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The Epidemiology of Ankle Sprains in the United States
Brian R. Waterman, MD1; Brett D. Owens, MD2; Shaunette Davey, DO1; Michael A. Zacchilli, MD1; Philip J. Belmont, Jr., MD1
1 Orthopaedic Surgery Service, William Beaumont Army Medical Center, 5005 North Piedras Street, El Paso, TX 79920-5001. E-mail address for B.R. Waterman: brian.waterman@amedd.army.mil
2 Keller Army Hospital, 900 Washington Road, West Point, NY 10996
View Disclosures and Other Information
Disclosure: The authors did not receive any outside funding or grants in support of their research for or preparation of this work. Neither they nor a member of their immediate families received payments or other benefits or a commitment or agreement to provide such benefits from a commercial entity.

A commentary by Anthony D. Watson, MD, is available at www.jbjs.org/commentary and as supplemental material to the online version of this article.
Investigation performed at the Department of Orthopaedic Surgery and Rehabilitation, William Beaumont Army Medical Center, El Paso, Texas, and the Keller Army Hospital, U.S. Military Academy, West Point, New York
Disclaimer: The opinions or assertions contained herein are the private views of the authors and are not to be construed as official or reflecting the views of the Department of Defense or the U.S. government. The authors are employees of the U.S. government.

Copyright © 2010 by The Journal of Bone and Joint Surgery, Inc.
J Bone Joint Surg Am, 2010 Oct 06;92(13):2279-2284. doi: 10.2106/JBJS.I.01537
A commentary by Anthony D. Watson, MD, is available here
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Ankle sprain has been studied in athletic cohorts, but little is known of its epidemiology in the general population. A longitudinal, prospective epidemiological database was used to determine the incidence and demographic risk factors for ankle sprains presenting to emergency departments in the United States. It was our hypothesis that ankle sprain is influenced by sex, race, age, and involvement in athletics.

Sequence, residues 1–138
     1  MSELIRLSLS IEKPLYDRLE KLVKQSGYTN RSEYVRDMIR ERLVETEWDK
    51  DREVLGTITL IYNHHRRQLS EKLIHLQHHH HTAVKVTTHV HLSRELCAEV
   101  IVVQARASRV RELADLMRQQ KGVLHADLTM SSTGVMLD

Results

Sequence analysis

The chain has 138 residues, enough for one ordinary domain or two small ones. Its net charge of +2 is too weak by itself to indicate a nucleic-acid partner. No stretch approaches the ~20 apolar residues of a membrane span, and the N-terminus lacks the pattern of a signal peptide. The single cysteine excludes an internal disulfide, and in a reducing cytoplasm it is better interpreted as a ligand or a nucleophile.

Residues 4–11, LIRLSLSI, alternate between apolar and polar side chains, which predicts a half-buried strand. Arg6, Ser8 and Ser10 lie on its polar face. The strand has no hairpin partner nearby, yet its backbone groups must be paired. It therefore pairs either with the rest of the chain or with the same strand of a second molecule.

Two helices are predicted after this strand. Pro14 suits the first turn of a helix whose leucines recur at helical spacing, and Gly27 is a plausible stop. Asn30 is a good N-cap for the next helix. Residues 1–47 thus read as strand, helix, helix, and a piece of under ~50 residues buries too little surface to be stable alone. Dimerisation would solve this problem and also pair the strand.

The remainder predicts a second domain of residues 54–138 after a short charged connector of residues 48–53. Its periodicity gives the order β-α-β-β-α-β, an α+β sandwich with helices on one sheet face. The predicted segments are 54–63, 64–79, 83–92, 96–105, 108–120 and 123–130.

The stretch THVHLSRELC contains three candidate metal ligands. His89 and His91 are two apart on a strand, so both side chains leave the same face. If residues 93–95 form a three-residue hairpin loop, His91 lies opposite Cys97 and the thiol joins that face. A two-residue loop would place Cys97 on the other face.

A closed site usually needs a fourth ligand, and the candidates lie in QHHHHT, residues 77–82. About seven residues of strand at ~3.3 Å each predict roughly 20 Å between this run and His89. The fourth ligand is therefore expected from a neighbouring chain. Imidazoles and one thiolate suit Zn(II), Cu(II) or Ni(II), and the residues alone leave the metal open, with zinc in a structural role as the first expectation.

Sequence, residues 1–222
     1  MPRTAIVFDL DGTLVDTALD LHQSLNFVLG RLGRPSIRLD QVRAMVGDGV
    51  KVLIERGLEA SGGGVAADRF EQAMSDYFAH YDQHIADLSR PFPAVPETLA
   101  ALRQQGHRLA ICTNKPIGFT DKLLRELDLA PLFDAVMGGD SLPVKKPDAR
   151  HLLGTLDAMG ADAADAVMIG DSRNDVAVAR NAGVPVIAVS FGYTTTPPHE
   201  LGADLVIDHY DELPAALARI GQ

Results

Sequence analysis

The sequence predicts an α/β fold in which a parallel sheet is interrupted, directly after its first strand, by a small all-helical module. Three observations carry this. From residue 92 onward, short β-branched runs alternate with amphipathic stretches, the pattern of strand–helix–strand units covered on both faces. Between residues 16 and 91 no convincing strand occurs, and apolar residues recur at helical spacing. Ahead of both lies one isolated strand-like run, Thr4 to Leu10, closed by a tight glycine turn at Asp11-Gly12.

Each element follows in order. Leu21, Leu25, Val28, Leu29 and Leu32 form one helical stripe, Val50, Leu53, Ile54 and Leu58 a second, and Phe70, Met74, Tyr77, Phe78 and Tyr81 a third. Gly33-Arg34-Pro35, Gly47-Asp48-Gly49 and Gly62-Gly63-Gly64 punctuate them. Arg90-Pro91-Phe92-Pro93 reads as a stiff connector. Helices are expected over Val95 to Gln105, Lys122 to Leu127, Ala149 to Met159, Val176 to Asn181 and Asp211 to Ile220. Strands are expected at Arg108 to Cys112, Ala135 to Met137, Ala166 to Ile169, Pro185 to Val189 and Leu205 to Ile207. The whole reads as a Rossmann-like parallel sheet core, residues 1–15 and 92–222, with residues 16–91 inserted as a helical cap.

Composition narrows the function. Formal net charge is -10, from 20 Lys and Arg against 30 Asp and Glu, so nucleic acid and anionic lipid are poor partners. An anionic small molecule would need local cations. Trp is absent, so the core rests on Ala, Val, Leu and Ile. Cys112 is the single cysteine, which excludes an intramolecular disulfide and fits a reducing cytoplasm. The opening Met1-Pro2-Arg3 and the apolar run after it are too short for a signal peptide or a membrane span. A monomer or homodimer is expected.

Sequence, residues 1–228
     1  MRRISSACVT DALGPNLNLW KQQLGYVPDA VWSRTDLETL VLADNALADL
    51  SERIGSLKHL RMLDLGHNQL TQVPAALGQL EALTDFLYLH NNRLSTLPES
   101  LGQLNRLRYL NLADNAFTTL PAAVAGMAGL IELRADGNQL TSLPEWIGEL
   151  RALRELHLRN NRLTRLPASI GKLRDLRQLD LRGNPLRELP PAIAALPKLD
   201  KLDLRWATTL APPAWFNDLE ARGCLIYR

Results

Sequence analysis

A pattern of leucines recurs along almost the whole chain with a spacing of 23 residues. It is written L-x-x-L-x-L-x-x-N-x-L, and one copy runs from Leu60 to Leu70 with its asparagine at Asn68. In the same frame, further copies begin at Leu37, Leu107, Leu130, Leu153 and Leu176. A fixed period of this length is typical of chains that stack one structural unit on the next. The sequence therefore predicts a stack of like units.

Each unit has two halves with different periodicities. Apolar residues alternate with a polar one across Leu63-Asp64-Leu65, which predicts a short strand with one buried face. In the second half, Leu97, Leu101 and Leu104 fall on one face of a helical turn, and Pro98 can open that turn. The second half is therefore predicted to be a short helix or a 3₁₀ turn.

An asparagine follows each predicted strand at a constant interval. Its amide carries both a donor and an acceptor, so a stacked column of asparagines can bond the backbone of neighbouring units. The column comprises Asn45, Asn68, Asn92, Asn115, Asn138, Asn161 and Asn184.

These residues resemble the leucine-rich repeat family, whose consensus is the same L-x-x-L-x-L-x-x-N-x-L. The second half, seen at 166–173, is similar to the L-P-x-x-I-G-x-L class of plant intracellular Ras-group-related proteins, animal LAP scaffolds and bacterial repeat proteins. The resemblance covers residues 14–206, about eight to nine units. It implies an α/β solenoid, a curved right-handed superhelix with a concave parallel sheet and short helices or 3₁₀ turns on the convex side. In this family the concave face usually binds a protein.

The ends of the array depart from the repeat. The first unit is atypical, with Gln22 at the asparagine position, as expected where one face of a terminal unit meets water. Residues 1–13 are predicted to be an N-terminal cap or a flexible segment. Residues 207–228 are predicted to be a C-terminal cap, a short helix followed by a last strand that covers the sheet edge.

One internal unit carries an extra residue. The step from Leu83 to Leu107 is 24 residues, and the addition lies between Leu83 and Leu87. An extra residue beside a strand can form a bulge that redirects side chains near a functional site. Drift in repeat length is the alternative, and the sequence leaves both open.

The National Electronic Injury Surveillance System (NEISS) was queried for all ankle sprain injuries presenting to emergency departments between 2002 and 2006. Incidence rate ratios were then calculated with respect to age, sex, and race.


During the study period, an estimated 3,140,132 ankle sprains occurred among an at-risk population of 1,461,379,599 person-years for an incidence rate of 2.15 per 1000 person-years in the United States. The peak incidence of ankle sprain occurred between fifteen and nineteen years of age (7.2 per 1000 person-years). Males, compared with females, did not demonstrate an overall increased incidence rate ratio for ankle sprain (incidence rate ratio, 1.04; 95% confidence interval, 1.00 to 1.09). However, males between fifteen and twenty-four years old had a substantially higher incidence of ankle sprain than their female counterparts (incidence rate ratio, 1.53; 95% confidence interval, 1.41 to 1.66), whereas females over thirty years old had a higher incidence compared with their male counterparts (incidence rate ratio, 2.03; 95% confidence interval, 1.65 to 2.65). Compared with the Hispanic race, the black and white races were associated with substantially higher rates of ankle sprain (incidence rate ratio, 3.55 [95% confidence interval, 1.01 to 6.09] and 2.49 [95% confidence interval, 1.01 to 3.97], respectively). Nearly half of all ankle sprains (49.3%) occurred during athletic activity, with basketball (41.1%), football (9.3%), and soccer (7.9%) being associated with the highest percentage of ankle sprains during athletics.


An age of ten to nineteen years old is associated with higher rates of ankle sprain. Males between fifteen and twenty-four years old have higher rates of ankle sprain than their female counterparts, whereas females over thirty years old have higher rates than their male counterparts. Half of all ankle sprains occur during athletic activity.

Level of Evidence: 

Prognostic Level II. See Instructions to Authors for a complete description of levels of evidence.

Figures in this Article


    ankle sprains
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    These activities have been planned and implemented in accordance with the Essential Areas and policies of the Accreditation Council for Continuing Medical Education (ACCME) through the joint sponsorship of the American Academy of Orthopaedic Surgeons and The Journal of Bone and Joint Surgery, Inc. The American Academy of Orthopaedic Surgeons is accredited by the ACCME to provide continuing medical education for physicians.
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